Word Family Friday: Thread

Teaser: thread, thresh, triage, tribade

Proto-Indo-European <*terh₁>: “to rub, turn”
-> Balto-Slavic
–> Slavic <*tèrti>: “to rub”
—> Russian <тере́ть> (terétʹ): “rub, polish, grind”
-> Germanic <*þrēaną>: “twist, turn”
–> English <throw>
–> Dutch <draaien>: “turn, play a record or cd, host a party”
–> German <drehen>: “turn, roll, veer, record film”
—> Yiddish <> (dreyen): “turn”
—-> Yiddish <דרײדל‎> (dreydl): “top, dreidel”
—–> English <dreidel>
–> Swedish <dreja>: “make on a potter wheel”
-> Hellenic
–> Ancient Greek <τρῑ́βω> (trī́bō): “rub, grind, thresh, wear away”
—> Greek <τρίβω> (trívo): “grate, chafe, rub”
—> Latin <tribas>: “lesbian”
—-> English <tribade>
-> Indo-Iranian
–> Iranian <*tarH->: “to rub, wipe off”
—> Persian: <ستردن> (setordan): “wipe, clean, shave”
—> Sogdian <ܕܣܦܪܛܪ> (dsprtr): “hand towel, handkerchief”
—-> Persian <لسپردرک> (laspardarak): “hand towel, handkerchief”
—–> Yiddish <לאַפּסערדאַק> (lapserdak): “A traditional Jewish black kaftan”
——-> English <lapserdak>: “A traditional Jewish black kaftan”
——-> Russian <лапсерда́к> (lapserdák): “lapserdak”
-> Italic
–> Latin <terō>: “rub, wear away, tread, graze, grind”
—> Latin <tritus>: “rubbed, worn away, ground”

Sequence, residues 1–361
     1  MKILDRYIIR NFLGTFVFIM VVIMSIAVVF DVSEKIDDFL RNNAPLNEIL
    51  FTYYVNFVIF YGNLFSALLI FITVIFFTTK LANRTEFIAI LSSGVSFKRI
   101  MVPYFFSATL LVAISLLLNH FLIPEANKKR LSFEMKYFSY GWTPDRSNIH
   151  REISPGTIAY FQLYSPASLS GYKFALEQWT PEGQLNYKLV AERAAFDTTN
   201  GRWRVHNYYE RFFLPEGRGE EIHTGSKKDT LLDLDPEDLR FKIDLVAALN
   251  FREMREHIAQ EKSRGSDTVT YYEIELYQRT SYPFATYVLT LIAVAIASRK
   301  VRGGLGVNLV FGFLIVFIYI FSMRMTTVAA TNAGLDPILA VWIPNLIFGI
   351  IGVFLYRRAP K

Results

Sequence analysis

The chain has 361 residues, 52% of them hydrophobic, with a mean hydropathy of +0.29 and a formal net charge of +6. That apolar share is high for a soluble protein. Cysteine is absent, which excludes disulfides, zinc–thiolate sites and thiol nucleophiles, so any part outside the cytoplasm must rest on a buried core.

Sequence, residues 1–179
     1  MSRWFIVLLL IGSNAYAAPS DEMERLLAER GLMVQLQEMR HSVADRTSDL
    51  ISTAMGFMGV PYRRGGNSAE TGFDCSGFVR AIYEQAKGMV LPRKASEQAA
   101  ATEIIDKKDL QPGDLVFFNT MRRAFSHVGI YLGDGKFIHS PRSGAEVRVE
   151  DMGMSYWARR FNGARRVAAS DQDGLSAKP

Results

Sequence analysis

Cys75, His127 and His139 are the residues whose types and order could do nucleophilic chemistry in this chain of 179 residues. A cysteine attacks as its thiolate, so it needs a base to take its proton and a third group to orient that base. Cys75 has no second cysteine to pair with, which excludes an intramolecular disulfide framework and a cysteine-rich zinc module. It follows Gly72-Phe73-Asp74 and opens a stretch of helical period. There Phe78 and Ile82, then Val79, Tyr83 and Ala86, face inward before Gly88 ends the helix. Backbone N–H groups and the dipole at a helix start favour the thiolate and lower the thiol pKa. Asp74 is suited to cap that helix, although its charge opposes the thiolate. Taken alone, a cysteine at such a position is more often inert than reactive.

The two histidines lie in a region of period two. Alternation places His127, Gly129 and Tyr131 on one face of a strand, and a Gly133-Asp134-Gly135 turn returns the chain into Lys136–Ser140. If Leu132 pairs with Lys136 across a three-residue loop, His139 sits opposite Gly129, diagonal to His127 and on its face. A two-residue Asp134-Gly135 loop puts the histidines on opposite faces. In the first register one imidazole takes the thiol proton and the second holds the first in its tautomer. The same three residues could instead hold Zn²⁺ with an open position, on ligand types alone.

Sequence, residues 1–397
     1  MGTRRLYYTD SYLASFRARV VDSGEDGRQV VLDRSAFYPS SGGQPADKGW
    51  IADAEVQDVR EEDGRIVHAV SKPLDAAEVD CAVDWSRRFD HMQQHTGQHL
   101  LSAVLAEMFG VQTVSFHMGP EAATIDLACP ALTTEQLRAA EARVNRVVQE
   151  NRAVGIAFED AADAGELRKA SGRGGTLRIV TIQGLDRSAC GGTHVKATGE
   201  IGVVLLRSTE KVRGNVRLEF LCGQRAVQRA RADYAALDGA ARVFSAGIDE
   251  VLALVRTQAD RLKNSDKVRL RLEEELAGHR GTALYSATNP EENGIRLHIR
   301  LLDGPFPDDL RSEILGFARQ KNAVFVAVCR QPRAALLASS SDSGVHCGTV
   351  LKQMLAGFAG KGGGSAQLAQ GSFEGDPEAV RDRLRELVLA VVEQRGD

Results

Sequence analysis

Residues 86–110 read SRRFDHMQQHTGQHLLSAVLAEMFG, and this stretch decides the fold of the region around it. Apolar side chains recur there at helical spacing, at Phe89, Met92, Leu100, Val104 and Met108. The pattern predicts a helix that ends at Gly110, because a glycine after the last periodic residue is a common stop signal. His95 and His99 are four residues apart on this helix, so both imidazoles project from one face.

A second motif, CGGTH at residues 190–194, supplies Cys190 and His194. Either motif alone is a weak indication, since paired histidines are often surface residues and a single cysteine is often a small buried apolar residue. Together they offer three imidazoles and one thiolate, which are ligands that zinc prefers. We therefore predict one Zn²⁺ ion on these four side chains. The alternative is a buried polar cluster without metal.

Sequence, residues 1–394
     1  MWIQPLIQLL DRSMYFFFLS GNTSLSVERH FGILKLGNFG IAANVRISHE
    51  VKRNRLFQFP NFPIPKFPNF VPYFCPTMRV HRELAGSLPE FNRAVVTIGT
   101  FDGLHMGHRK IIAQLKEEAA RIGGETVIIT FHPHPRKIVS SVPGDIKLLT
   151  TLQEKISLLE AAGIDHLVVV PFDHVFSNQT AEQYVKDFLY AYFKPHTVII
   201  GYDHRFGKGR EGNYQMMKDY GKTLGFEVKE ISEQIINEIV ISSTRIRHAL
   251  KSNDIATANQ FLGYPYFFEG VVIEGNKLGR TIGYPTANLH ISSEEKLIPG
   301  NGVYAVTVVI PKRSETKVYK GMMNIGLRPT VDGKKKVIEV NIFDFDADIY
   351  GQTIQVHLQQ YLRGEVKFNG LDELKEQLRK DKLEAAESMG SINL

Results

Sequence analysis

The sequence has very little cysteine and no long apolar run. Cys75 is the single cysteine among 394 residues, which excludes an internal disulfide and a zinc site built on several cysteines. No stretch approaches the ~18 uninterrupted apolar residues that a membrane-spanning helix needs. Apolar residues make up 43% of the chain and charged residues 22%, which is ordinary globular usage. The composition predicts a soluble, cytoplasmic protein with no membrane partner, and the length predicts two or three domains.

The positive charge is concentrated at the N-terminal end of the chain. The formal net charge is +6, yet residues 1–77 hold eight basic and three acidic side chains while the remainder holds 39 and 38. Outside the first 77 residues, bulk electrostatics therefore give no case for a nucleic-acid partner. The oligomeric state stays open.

—-> Late Latin <tritare>: “grind or crush; to beat the chaff from the wheat”
—–> French <trier>: “to sort, pick out, calibrate”
——> English <triage>
—–> Italian <tritare>: “chop, mince, dice, grind or crush”
—-> Latin <trīticum>: “a kind of wheat”
—–> Translingual <Triticum>: botanical genus name for wheat spp.
——> English <triticale>: “wheat-barley hybrid” (Triticum x Secale)
——-> English <quadrotriticale> (http://memory-alpha.wikia.com/wiki/Quadrotriticale)
-> Proto-Indo-European <*treh₁-sḱe-ti>
–> Germanic <*þreskaną>: “thresh”
—> Old English <þrescan>: “thresh, trample”
—-> English <thresh>, <thrash>
—-> Old English <þrescold>: “threshold”
—–> English <threshold>
—> German <dreschen>: “to thresh, to thrash”
—> Icelandi <þreskja>: “thresh”
—> Gothic <𐌸𐍂𐌹𐍃𐌺𐌰𐌽> (þriskan)
—-> Portuguese <triscar>: “to touch lightly”
-> Proto-Indo-European <tórh₁-mo-s>: “borehole”
–> Germanic <*þarmaz>: “intestine”
—> German <Darm>: “instestine”
—> Icelandi <þarmur>: “instestine”
–> Ancient Greek <τόρμος> (tórmos): “peg, tenon”
-> Proto-Indo-European <tréh₁-tu-s>
–> Germanic <*þrēduz>: “twisted fiber, thread”
—> English <thread>
—> German <Draht>: “wire”
—> Icelandi <þráður>: “string, thread”
?> Armenian <արածեմ> (aracem): “graze, pasture”
-> Ancient Greek <τρώγω> (trṓgō): “chew, gnaw, eat”
-> Ancient Greek <τράγος> (trágos): “male goat, lechery”
-?> Ancient Greek <τραγῳδία> (tragōidía): “epic play, tragedy” (if this is the correct etymology, it would be formed as trago-ode, goat-song, and have originally referred to the Satyr Plays, burlesque tragicomedies featuring satyrs)
—> Latin <tragoedia>: “tragedy” (theatrical meaning only)
—-> French <tragédie>: “tragedy”
—–> English <tragedy>
—-> many other descendants

Collected English words: throw, dreidel, tribade, lapserdak, triage, triticale, quadrotriticale, thresh, threshold, thread, tragedy

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